Love was in the air to such an extent at this event, I even gave Randi Weingarten a hug. And smiled at Mulgrew. After all, being in the same space with Debbie Meier and Diane Ravitch is a very special occasion, especially as it was a fundraiser for a worthy organization. You know I just found buried in my archives a book by Debbie that I was reading around 1971 when I gave up my dream of an open classroom in frustration. I have followed her career since then but only got to meet her 5 years ago.
FAIR TEST has been leading the battle against high stakes tests for a quarter of a century and its director Monty Neill has been a major voice in the struggle, which if you have been following this blog you know has been heating up (Police Estimate 400 at Pearson Field Test Protest). It was the best $75 I've spent in a long time.
It was just a few short hours before we found out Walker had won in Wisconsin. And though I think that big labor bears part of the responsibility, the evening of good feeling transcended it all. Feeling a great deal of labor solidarity I had a brief but nice chat with Randi.
The entire video is worth an hour of your time and you can watch it at https://vimeo.com/43587373.
I also cut it into 4 chunks for those short on time.
I'm embedding this 19 minutes piece when Deb and Diane did a version of their Edweek (Bridging Differences) blog to end the evening. Just priceless stuff.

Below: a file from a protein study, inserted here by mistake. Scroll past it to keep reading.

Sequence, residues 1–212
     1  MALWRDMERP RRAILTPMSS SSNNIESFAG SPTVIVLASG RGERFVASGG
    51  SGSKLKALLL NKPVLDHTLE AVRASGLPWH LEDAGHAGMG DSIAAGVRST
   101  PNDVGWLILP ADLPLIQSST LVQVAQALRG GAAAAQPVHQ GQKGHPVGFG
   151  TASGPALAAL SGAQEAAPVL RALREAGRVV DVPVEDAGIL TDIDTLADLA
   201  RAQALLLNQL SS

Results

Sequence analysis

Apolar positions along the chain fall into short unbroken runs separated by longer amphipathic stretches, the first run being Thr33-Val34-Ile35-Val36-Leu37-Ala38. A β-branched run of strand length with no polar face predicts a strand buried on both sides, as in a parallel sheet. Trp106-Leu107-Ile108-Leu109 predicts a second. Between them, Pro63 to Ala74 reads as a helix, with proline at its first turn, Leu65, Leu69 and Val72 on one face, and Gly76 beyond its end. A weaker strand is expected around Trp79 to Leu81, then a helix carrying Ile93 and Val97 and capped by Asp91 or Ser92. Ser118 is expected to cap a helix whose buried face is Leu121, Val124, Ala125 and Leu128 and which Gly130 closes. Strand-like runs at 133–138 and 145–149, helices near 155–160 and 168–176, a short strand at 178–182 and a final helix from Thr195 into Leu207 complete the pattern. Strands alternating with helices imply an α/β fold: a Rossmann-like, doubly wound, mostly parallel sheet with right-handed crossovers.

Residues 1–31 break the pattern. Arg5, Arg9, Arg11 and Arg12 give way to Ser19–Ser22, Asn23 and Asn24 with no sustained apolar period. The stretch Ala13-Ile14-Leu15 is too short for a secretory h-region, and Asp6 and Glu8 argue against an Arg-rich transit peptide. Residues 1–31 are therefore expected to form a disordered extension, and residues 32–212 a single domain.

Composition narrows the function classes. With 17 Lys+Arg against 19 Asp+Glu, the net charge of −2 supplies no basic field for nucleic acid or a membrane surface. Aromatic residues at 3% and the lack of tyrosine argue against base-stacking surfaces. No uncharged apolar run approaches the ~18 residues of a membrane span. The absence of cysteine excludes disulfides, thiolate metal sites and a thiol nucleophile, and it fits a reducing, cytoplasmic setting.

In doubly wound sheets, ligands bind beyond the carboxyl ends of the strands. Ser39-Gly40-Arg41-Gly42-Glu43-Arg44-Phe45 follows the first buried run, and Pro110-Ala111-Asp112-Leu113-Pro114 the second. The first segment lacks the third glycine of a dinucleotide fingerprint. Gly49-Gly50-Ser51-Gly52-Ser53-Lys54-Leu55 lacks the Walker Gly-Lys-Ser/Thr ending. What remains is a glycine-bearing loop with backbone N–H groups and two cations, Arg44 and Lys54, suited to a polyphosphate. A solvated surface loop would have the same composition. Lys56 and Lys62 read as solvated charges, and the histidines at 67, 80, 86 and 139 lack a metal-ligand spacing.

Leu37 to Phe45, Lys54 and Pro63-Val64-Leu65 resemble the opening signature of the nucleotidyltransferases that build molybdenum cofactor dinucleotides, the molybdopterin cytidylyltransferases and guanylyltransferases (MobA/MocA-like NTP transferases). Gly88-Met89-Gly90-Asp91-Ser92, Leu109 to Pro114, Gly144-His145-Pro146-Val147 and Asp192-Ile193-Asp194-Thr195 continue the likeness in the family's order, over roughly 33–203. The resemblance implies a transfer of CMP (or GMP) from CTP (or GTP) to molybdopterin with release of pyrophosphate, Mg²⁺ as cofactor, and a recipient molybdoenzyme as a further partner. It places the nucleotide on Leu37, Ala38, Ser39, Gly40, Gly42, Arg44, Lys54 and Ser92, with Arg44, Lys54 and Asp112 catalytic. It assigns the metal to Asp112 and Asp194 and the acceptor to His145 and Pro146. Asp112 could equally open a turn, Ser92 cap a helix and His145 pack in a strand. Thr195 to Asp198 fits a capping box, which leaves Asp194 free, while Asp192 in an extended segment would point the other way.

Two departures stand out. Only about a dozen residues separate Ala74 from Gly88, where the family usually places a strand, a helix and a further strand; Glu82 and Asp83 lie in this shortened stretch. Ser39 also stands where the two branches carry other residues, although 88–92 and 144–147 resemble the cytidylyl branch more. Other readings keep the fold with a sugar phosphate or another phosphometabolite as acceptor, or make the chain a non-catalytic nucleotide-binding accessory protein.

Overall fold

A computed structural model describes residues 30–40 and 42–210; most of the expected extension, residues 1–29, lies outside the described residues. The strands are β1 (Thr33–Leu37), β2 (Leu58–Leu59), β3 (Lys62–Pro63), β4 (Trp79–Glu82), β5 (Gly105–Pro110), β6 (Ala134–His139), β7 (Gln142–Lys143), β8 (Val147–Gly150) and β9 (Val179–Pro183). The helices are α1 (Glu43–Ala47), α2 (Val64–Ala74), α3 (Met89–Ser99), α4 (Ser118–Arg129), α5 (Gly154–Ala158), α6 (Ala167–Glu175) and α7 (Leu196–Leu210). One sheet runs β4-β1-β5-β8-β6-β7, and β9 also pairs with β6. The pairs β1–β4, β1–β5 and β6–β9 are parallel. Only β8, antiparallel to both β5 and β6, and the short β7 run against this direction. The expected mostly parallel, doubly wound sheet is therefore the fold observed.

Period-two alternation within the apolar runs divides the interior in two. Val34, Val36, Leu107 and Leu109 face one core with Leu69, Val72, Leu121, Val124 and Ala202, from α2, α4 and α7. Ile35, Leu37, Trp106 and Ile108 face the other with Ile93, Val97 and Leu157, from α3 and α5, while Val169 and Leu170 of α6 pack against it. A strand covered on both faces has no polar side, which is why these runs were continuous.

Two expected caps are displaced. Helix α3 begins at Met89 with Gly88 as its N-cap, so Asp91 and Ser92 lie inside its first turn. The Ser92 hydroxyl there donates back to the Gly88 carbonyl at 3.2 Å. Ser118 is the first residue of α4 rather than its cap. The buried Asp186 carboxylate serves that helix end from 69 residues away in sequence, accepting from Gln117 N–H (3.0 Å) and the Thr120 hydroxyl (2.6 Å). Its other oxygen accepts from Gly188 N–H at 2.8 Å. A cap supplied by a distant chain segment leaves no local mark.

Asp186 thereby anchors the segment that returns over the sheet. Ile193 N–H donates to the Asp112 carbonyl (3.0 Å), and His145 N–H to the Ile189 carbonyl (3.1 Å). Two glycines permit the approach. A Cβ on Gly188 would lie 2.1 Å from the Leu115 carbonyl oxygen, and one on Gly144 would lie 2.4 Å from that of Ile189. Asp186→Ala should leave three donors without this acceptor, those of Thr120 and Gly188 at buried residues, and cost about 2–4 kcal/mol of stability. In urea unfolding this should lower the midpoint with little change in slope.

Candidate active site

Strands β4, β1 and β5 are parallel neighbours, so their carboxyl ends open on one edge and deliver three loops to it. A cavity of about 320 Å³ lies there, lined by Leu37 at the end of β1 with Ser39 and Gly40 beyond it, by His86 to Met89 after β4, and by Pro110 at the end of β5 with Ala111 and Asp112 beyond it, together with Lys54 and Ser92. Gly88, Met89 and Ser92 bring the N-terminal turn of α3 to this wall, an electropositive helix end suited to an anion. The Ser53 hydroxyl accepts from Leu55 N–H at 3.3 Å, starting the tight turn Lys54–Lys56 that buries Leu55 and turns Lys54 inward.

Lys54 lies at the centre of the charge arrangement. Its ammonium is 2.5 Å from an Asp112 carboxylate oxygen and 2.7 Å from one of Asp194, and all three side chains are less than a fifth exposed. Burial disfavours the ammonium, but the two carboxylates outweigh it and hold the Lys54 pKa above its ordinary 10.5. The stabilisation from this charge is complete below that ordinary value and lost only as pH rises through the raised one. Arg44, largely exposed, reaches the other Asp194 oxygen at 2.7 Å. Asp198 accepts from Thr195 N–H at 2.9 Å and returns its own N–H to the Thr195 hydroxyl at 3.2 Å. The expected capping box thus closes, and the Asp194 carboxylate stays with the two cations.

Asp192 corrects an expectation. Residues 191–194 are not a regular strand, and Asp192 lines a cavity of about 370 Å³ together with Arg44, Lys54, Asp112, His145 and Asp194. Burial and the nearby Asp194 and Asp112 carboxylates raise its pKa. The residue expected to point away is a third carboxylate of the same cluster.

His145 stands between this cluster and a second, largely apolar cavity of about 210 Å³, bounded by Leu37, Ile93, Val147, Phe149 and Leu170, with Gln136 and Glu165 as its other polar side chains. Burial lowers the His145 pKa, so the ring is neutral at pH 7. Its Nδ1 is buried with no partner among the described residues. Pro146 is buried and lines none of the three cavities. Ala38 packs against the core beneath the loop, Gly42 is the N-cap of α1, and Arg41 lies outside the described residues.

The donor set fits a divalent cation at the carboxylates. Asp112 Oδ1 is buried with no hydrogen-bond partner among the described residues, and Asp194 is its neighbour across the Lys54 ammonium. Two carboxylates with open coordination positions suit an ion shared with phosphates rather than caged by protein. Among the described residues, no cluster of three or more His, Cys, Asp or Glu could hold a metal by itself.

Meier and Ravitch in Conversation
FairTest Award - Meier and Ravitch in Conversation from Grassroots Education Movement on Vimeo.
Here are other segments:
Deborah Meier Introduces Diane Ravitch
Diane Ravitch Acceptance Speech
And in this segment I collated all the other speakers:
Michael Mulgrew, Ann Cook, Monty Neill, Randi Weingarten
The battle against high stakes tests has been in the forefront of Ed Notes from way back to our print publishing beginnings in 1996 when I was still working at a school that had been led since 1979 by a test/data driven principal (yes, even in those days) and I saw first hand what that did to deform education as the ability of teachers to control what they taught was being taken out of their hands. Thus, the issue was a key when ICE, followed by GEM were formed. The GEM committee, Change the Stakes, which began as a teacher dominated group has shifted into much of a parent/teacher group, with the sensibilities of both points of view making it stronger. Of course many teachers are also parents.
Also, on June 7, the afternoon of the Pearson rally, the education committee of MORE, the new caucus in town, held a great session on chapters 8 and 9 of Ravitch's book, with a depth of analysis that delved into what Ravitch left out and what she nailed with an intellectual rigor I haven't experienced in a while. In the room were some new teachers and some veteran ICE people, along with some NYCORE and GEM. Quite a mix -- the next meeting is June 21 (which I can't attend because we are having a party in honor of my dad where we will serve samples all of his favorite foods -- and have a barf bag ready just in case).
One major group we have to convince to get involved are the very people we work with. Organized, teachers can fight back against this testing mania and while the UFT/AFT make noises, they do nothing at the school level to get some pushback --- like how about getting a movement going to boycott some of the crap teachers have to do that has little relation to the children -- the waste of time monitoring crap?